Again, there is some misunderstanding. There are no direct nego- tiations going on about this matter. As I reported in July the question of the refining margin is covered up to the end of next June and will be considered then. The question of the future régime in the Community, dating from December 1975, has only recently been tabled. We have been discussing this matter in regard both to Commonwealth sugar and to beet sugar production in Europe. In respect of Commonwealth sugar, the Commission reiterated the figure that we have always pressed for—1.4 million tons—and I am sure we shall get that.

Mr. Marten

Has my right hon. Friend any reason to believe that the refining margin will not be renewed after next June?

Mr. Godber

No. Obviously, it is essential for the continued availability of Commonwealth sugar that it shall be renewed. The point is, at what level? It is a matter to be discussed. I shall put to my colleagues in the Council of Ministers the relevant factors at the time. But it must be dependent on what developments there are in the reorganisation of the industry, whether they take place or not, and on this will depend the sort of level which may be required. No one at this moment can forecast the precise position on that point.

Mr. Shore

We shall look with interest at any proposals which emerge for the reorganisation of the industry, particularly bearing in mind the position of the many thousands of workers who may be affected, including people in the development areas and the Thames and Clyde areas.

Does not the right hon. Gentleman agree that the heart of the matter is that he agreed in the first place—in January this year—to too low a sugar refining margin, and that it is only because of that that he has had to ask Parliament for a sugar subsidy, which he has had to bulldoze through the Commission and the Council of Ministers to get them to accept, and only then until next summer?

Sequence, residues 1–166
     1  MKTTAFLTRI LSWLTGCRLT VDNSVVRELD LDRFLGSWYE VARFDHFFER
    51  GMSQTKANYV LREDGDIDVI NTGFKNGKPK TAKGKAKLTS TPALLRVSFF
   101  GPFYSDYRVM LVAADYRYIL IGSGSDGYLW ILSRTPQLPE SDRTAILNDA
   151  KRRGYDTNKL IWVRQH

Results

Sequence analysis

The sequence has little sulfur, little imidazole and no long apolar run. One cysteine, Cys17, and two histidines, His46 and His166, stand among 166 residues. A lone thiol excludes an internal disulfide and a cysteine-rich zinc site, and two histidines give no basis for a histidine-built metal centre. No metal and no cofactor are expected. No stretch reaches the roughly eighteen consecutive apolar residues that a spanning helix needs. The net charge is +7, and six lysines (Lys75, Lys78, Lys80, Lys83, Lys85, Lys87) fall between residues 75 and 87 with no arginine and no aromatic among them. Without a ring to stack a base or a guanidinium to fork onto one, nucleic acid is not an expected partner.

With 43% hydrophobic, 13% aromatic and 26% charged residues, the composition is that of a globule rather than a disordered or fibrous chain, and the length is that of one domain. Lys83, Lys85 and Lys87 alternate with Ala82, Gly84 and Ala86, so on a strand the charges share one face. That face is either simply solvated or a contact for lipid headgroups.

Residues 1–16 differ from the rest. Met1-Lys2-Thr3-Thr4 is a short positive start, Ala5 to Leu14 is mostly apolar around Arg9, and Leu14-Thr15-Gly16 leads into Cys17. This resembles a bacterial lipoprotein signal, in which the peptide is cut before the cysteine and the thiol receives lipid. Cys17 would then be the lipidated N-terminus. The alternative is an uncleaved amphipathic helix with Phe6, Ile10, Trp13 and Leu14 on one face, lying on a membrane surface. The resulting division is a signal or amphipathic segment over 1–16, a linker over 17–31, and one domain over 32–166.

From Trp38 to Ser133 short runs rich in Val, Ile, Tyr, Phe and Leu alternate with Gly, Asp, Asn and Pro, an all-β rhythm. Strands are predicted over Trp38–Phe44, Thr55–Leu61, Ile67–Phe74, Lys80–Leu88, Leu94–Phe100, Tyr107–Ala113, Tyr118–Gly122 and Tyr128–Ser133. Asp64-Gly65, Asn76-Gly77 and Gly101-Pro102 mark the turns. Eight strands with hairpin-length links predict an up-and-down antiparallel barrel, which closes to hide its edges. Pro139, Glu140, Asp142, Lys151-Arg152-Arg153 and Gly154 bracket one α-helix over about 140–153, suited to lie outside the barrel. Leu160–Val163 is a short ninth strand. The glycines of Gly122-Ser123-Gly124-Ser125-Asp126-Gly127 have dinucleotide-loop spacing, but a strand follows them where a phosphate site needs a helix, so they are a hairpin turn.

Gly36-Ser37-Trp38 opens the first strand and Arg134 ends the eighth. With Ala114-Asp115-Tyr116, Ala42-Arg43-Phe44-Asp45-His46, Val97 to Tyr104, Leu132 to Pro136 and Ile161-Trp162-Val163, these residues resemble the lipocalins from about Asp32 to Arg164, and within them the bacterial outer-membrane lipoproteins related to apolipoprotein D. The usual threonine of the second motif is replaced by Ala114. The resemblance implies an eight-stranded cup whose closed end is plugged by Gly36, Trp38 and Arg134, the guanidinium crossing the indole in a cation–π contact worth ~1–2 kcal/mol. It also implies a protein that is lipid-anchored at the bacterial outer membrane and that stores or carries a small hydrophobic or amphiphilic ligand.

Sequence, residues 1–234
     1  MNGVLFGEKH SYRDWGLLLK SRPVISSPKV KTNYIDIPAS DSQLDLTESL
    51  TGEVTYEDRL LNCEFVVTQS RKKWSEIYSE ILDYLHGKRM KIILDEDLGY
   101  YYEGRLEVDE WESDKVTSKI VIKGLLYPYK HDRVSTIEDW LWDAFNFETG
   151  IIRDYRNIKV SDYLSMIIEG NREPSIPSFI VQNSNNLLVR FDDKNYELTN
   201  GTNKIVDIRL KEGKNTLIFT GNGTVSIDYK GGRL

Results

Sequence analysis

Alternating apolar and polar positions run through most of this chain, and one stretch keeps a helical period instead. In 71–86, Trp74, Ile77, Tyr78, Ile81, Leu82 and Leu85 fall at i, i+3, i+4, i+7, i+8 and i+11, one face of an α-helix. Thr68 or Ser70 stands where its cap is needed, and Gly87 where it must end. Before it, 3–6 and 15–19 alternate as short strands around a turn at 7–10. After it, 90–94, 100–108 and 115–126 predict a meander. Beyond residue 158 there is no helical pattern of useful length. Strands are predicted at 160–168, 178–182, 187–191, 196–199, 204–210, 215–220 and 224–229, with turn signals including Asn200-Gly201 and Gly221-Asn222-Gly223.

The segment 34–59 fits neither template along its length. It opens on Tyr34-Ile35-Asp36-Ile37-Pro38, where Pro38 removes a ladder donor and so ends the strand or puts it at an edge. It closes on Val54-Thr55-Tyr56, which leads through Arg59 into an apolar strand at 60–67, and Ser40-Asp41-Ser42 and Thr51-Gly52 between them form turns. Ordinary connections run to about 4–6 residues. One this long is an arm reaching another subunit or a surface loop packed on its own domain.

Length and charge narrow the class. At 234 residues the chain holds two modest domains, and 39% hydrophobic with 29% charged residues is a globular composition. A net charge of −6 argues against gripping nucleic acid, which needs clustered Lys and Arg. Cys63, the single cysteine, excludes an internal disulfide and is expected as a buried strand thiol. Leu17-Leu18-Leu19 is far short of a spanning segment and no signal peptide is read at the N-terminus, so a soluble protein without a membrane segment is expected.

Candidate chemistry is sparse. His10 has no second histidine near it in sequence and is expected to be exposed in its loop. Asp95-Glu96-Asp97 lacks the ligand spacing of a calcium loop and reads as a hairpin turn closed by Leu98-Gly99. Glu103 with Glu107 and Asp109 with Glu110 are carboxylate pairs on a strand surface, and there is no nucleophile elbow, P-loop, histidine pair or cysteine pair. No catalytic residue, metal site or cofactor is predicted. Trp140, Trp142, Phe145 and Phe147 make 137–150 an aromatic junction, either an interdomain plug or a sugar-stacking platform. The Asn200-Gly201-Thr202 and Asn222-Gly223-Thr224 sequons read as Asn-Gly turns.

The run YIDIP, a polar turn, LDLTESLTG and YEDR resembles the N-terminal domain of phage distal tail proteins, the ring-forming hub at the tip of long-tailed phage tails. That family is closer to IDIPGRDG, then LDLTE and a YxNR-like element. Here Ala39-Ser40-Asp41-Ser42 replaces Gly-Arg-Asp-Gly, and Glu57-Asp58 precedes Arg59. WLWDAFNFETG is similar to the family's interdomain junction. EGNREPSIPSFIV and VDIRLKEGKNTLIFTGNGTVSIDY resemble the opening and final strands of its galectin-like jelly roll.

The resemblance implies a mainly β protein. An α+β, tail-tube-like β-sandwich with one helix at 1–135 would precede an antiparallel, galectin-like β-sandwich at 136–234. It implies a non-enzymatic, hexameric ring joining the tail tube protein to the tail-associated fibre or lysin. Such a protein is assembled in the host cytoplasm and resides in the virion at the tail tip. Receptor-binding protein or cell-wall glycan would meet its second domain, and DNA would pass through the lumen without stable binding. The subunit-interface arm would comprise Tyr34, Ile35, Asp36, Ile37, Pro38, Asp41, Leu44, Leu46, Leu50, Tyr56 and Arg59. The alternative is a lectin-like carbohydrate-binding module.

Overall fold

Secondly, does not the right hon. Gentleman agree that the whole problem of so-called excess capacity in the British refining industry is due wholly to his own acceptance of the phasing out, or reduction, or limitation, of cheaper imported cane sugar into Britain in favour of the protected beet sugar industries of Western Europe?

Mr. Godber

That question illustrates the need for a full debate, and I think that we must have one. It is true that the margin fixed in January proved inadequate. At that time I argued for a higher margin, but many factors were put forward—one of them the much lower margin which it was claimed that Continental refiners had. I warned then that if the margin proved inadequate I would reserve our right to provide a subvention so that I could safeguard the position. The refining margin is one question, but reorganisation is a totally different one.

On the question of supplies, my right hon. and learned Friend who negotiated the treaty of acceptance made clear in this House at the time that the undertaking he had secured was for a continuation of 1.4 million tons, and that I am certain we shall get. It was understood that the Australian quota would be phased out at some stage, and that has not been questioned until now. The remaining requirement of the cane refiners has been for the use of some raw beet sugar for final refining. That, as I would have made clear in the debate, will no longer be available in the previous quantity because for economic reasons it is much more efficient to refine it completely in the original factories. These are some of the complicated issues with which it is impossible to deal adequately at Question Time.